Women's 800 and 1500 Metres Previews
After Jolanda Ceplak's magnificent world-record run at the European Indoor Championships last winter, it was to be expected that she would provide even more headlines during the summer. Her 1:55.19 win at Heusden two weeks before the Championshipsthe fastest performance in almost five yearsall but puts her in the Munich winner's circle.
Ceplak's countrywoman, Brigita Langerholc, spent much of the early season at her US training base. The Universiade champion from last year had only five races during the season, three of them during the early season in North America. But her final competition prior to Munich was a season-best 1:58.97 in Monaco, which augers well for reasonable medal hopes.
Finishing just behind Langerholc in Monaco was Ludmila Formanová in 1:59.09her best time since mid-season 2000--giving a glimpse at the form which won the 1999 World Championships before injury forced her out of the Sydney Games. The prevailing question in the case of the Czech is whether she is capable of holding up through three rounds of competition.
Two French athletes having banner years are European indoor bronze medallist Elisabeth Grousselle (1:59.65) and Virginie Fouquet (1:59.78), both of whom had their yearly bests in the all-telling Monaco competition.
And mention should be made of Belgium's Sandra Stals, who chased Ceplak in the Heusden race and posted a 2002 best of 1:58.92, her fastest time in four years.
This is an extremely deep event at the European level, with twenty runners already having run under 4:05, compared with only sixteen during the entire world championship 2001 season. Team roster restrictions will limit the Munich participation to only fourteen of the twenty, but the winner may not even come from that group.
Knowledgeable sources in Romania have tipped that Gabriela Szabo may bypass the 5000 and concentrate only on the 1500, a distance she has yet to run this season. [The existing time schedule would have made a 1500/5000 double almost impossible.] Ironically, her qualifying time for Munich (4:00.57) comes from her gold-medal 1500 performance last year in Edmonton, which was also her sole outing in the event in 2001. Will history repeat itself?
If Szabo is to again wear a gold medal, she will have to get past some formidable opponents, possibly to include 800-metre standout Jolanda Ceplak of Slovenia, who has left open the question of doubling in Munich. Her current best is 4:05.59, which she clocked in her only truly competitive attempt at the event this year, an indication that she has not yet been put to the test in the longer race.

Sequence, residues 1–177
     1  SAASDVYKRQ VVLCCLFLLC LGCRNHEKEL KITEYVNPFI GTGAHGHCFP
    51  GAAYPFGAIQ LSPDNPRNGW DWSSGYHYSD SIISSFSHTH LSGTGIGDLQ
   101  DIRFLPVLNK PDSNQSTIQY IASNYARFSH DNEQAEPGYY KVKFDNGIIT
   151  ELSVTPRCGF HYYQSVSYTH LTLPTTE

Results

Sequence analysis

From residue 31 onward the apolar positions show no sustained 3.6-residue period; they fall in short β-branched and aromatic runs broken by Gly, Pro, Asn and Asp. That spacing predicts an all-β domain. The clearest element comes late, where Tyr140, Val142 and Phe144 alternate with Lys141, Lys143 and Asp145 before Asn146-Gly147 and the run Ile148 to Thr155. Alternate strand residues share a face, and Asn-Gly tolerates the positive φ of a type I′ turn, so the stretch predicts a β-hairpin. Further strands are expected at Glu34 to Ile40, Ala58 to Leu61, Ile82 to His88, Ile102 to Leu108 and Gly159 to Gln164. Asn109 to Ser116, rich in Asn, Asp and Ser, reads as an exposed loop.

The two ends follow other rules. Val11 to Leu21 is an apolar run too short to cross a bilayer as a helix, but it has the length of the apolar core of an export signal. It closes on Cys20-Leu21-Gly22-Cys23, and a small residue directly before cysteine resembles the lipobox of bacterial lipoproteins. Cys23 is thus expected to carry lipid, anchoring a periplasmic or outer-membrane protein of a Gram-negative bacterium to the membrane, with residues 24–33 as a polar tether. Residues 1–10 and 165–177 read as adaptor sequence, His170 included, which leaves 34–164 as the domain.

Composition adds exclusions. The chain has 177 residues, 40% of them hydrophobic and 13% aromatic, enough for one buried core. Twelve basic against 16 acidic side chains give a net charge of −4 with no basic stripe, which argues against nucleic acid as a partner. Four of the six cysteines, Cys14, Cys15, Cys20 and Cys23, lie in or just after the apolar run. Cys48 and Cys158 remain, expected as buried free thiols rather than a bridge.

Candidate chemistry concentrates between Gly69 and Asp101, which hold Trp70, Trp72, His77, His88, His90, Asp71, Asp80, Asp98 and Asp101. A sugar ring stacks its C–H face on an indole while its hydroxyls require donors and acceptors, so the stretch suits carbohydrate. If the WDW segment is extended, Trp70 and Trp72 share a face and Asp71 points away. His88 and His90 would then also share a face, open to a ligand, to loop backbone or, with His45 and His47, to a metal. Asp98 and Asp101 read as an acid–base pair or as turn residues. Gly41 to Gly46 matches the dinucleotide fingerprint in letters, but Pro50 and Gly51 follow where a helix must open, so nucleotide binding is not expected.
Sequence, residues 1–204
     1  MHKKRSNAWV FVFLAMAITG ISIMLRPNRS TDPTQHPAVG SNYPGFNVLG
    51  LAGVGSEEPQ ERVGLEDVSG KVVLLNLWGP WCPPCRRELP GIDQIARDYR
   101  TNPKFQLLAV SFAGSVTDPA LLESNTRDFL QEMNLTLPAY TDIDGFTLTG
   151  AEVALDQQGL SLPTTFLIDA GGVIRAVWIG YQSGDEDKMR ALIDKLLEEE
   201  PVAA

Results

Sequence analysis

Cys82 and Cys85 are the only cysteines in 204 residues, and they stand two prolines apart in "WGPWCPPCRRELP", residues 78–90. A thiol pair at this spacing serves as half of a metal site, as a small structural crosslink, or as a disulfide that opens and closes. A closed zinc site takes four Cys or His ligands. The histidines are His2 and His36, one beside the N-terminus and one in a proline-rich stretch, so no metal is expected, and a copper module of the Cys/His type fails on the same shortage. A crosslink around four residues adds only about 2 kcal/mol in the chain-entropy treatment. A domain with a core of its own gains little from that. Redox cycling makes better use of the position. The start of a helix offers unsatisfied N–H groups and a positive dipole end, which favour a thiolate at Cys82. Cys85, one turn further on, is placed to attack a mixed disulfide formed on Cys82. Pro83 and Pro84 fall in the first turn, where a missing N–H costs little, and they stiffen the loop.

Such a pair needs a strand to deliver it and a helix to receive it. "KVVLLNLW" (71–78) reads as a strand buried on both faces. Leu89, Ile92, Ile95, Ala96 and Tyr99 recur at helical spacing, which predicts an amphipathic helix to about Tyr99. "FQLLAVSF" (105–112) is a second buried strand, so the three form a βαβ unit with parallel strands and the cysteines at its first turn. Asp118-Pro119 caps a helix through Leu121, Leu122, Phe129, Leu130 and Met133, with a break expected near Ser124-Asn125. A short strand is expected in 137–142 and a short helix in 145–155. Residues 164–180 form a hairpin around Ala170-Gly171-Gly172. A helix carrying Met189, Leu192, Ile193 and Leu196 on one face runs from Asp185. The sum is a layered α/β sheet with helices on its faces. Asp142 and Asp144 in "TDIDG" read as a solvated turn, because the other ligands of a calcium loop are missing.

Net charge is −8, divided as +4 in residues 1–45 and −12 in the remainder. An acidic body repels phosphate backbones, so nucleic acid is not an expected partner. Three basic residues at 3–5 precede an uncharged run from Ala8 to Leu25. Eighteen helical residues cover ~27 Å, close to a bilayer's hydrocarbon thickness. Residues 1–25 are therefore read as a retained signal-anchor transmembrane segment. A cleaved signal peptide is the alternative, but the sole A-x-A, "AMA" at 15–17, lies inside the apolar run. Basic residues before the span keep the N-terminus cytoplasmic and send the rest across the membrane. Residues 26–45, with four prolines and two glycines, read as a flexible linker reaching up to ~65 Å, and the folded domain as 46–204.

European indoor bronze medallist Alesya Turova , the current world leader at 4:01.02, is in peak condition at the moment. The 22-year-old from Belarus also carries a 4:01.70, as well as two steeplechase world records among her three lifetime attempts at that event.
Britain will have two strong entrants in Helen Pattinson (4:01.10) and freshly re-crowned Commonwealth Games champion Kelly Holmes (4:01.91), who also won the Empire's title eight years ago. Holmes is a scrappy competitor who managed a bronze medal in the Sydney 800 after only limited racing due to injury.
A strikingly-improved Judit Varga of Hungary, with a PB of 4:01.38 and three other races under her pre-2002 best of 4:08.60, will attempt to challenge for a place on the victory stand. And two of Varga's neighbours to the south--Maria Cioncan (4:02.10) and Elena Iagar (4:02.90) of Romania--should also be a part of the race for medals.
Lingering illness this year has delayed the decision of former world champion Carla Sacramento of Portugal. But a 4:03.18 in Monaco, just a week after her season-opening 4:04.62 in Rome, would indicate that her malady has cleared.
Strange to say, Russians do not appear to have their usual key roles in the event this year. Their top entry, national champion Tatyana Tomashova (4:04.90), is only that nation's sixth-best this season. Two of those ahead of her will be running the 5000, but there is no obvious explanation for the absence of Natalya Gorelova (4:02.33), Yuliya Kosenkova (4:03.66) and Olga Nelyubova (4:03.69) from Moscow's team list.